From a larger pool, we focused on 10 exceptional candidates, all of whom are from top AAU research universities, many of them from institutions ranked among the top 10 in the nation. As we reviewed the candidates, we focused on two critical traits.

First, we were seeking a proven leader who would be transformational, leading Rice to even greater stature in national recognition, focusing on retention and recruitment of our great faculty, and continuing to build excellence in all that we do at Rice—excellence in all areas from Architecture, the Arts, Humanities, Music, Social Sciences, Natural Sciences, Engineering, Business, Continuing Studies and Athletics.

Second, and just as important, we were seeking a leader who would inspire and gain the respect of everyone. We wanted a leader who is empathetic, courageous, visionary, strategic and kind. We looked for a leader not only for Rice, but also our broader community.

In the end, we concluded one candidate would be the most impactful for Rice. Reginald DesRoches will be the next president of Rice University.

The “University President Position” brochure, July 2021

The University

Rice University is a highly selective, private research university located on approximately 290 acres in the heart of Houston, Texas, the fourth-largest city in the United States. As a leading research university with a distinctive commitment to pathbreaking research, scholarly activity and the highest quality graduate and undergraduate education, Rice faculty engage in major research on grand challenges and are committed to contributions to the betterment of our world. It seeks to fulfill this mission by cultivating a diverse community of learning and discovery that produces leaders across the spectrum of human endeavor.

The university opened in 1912 as the Rice Institute. Located in an undeveloped area near the then-small city of Houston, it began with four buildings: Administration Building (Lovett Hall), Mechanical Laboratory and Power House (now known as Maxfield Hall), South Hall (Will Rice College) and the Institute Commons (Baker College); a faculty of 10; 77 students; and a $7 million endowment. Tuition was not charged until 1965. Rice granted its first undergraduate degree in 1916 and its first graduate degree in 1918.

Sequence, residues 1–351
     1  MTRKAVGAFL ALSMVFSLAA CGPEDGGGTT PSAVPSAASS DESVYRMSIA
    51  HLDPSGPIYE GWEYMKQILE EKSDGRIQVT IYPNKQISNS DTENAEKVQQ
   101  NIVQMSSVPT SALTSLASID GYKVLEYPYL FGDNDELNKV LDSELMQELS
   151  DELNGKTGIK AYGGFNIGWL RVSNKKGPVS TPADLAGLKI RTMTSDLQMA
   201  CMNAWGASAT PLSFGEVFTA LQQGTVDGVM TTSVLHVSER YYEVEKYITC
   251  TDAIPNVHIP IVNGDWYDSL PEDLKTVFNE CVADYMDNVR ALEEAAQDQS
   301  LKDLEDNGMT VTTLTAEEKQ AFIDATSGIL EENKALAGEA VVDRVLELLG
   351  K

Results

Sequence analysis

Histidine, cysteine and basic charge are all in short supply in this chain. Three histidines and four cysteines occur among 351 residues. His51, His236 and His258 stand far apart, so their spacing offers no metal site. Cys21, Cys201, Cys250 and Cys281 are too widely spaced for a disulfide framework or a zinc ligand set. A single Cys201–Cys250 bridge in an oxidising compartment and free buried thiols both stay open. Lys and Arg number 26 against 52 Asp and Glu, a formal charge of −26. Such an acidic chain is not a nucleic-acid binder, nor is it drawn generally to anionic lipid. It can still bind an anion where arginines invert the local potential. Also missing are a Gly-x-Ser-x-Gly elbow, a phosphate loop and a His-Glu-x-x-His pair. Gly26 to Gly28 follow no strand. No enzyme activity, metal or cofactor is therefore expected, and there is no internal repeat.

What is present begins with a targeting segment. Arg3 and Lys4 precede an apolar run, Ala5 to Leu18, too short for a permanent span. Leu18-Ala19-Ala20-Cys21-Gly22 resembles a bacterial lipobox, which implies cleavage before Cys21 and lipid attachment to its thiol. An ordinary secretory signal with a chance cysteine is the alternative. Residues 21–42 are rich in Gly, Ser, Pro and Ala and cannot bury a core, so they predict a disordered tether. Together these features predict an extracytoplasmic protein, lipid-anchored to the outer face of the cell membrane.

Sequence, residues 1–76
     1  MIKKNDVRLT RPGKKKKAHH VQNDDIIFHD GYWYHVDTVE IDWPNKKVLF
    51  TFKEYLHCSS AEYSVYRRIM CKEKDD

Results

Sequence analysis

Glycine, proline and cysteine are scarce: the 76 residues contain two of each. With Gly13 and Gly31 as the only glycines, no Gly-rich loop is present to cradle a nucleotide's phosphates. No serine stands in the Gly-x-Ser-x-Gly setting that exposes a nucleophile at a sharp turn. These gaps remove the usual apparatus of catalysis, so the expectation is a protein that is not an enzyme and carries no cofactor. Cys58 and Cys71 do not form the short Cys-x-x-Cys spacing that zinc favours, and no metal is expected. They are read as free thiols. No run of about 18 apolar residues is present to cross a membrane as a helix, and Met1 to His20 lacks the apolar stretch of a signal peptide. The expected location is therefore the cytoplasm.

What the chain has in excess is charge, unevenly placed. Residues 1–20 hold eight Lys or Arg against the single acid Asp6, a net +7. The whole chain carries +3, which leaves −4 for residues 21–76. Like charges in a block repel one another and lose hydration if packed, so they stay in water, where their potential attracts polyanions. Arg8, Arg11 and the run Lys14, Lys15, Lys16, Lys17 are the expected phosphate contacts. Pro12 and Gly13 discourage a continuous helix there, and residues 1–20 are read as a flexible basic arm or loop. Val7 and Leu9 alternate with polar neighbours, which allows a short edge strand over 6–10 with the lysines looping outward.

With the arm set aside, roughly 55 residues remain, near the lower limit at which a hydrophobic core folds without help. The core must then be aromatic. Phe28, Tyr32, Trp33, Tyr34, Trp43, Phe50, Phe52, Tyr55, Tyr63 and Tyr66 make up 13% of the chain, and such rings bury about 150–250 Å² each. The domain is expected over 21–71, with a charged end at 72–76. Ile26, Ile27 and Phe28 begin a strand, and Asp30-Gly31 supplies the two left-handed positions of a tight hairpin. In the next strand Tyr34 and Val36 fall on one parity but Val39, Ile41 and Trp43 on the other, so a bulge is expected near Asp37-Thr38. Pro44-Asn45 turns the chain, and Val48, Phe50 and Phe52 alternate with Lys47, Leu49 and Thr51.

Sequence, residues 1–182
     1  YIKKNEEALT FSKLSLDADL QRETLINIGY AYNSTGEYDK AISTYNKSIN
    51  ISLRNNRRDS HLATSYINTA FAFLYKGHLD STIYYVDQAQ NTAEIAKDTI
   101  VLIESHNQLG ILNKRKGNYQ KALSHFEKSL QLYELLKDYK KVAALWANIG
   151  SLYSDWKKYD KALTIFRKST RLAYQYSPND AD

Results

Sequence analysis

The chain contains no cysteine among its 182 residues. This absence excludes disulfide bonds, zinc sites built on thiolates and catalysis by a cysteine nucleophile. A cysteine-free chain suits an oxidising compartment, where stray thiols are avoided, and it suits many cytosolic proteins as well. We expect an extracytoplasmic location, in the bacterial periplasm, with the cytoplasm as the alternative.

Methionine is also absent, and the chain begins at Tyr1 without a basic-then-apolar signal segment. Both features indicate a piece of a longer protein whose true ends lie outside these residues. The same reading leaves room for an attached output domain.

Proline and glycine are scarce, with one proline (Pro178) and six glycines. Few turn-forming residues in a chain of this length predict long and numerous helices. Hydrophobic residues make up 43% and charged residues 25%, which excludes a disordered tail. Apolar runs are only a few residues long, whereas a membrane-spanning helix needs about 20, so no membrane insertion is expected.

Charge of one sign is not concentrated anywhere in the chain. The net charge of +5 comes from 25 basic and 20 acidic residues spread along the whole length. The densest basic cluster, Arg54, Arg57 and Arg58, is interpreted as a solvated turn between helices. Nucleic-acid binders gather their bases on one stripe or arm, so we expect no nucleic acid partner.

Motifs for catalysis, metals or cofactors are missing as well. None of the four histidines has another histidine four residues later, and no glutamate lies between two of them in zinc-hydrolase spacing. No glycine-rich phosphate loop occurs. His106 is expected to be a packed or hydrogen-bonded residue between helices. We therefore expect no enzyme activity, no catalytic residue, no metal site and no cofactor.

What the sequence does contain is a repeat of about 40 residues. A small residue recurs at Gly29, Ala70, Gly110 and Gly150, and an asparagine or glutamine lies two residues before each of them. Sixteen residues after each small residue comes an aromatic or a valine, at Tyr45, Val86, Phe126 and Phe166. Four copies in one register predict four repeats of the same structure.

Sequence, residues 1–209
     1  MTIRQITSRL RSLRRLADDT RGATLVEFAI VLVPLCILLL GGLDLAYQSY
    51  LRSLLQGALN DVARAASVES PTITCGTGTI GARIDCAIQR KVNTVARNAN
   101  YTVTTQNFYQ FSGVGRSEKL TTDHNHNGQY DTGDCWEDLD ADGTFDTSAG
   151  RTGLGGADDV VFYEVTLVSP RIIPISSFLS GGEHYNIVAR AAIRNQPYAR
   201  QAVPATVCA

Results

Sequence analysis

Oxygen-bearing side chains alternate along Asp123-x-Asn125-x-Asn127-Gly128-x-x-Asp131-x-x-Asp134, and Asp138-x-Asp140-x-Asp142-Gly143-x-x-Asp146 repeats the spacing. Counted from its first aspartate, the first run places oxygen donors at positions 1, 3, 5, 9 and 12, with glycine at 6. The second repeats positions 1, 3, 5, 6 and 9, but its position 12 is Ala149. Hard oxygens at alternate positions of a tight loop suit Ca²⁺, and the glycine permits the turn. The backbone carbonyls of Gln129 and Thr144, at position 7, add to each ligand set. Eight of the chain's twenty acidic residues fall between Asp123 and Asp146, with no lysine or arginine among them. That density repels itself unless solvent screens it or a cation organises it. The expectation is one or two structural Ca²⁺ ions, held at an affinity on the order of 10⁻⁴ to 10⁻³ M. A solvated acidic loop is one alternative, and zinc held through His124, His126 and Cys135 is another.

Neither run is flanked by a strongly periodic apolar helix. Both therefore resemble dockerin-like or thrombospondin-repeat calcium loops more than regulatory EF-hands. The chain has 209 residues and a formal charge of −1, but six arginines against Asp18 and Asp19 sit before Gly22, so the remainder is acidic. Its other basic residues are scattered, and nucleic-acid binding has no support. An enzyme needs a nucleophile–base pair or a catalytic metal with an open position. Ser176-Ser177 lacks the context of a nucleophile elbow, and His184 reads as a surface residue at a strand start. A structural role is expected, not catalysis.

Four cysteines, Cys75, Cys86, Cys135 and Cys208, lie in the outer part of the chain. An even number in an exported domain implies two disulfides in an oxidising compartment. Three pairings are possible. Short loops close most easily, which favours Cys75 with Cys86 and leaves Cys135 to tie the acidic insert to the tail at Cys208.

Rice was accredited by the Southern Association of Colleges and Schools Commission on Colleges (SACSCOC) in 1914. Its accreditation was reaffirmed in 2016 with its next reaffirmation scheduled for 2026. The university has grown to include approximately 90 buildings and its endowment market value was $6.2 billion as of June 30, 2020.

Rice is one of 65 members of the prestigious Association of American Universities, an organization of leading research institutions dedicated to the highest quality of research and scholarly activity, education and public service. Rice is a small urban university that offers the full range of engineering, science, humanities, social sciences, music, architecture and business opportunities. It is consistently ranked in the top 20 of both U.S. News & World Report’s best national universities and the Wall Street Journal/Times Higher Education Best Colleges. Niche has ranked Rice in the top 10 of private universities in two of the last three years.

In carrying out its mission, the university is guided by the Vision for the Second Century, Second Decade (V2C2), adopted by the Board of Trustees in January 2018. Rice’s vision and plan for the next decade is driven by the mission, values, essential attributes, history and a driving ambition to contribute to our world through excellence in education and research. Rice recognizes that the world is in a dramatically changing environment, both in higher education and the world at large. The university must anticipate those changes, envision a future, plan for that future and adapt to it. While these goals guide the university, they are also ever evolving in order to educate, improve and sustain the world. The seven core values are:

  • Provide Transformative Undergraduate Education
  • Build Renowned Graduate Programs
  • Invest in Faculty to Achieve Preeminence
  • Expand Access, Diversity and Inclusiveness
  • Elevate Research Achievement and Reputation
  • Extend Rice’s Reach and Impact
  • Engage Houston and Empower Its Success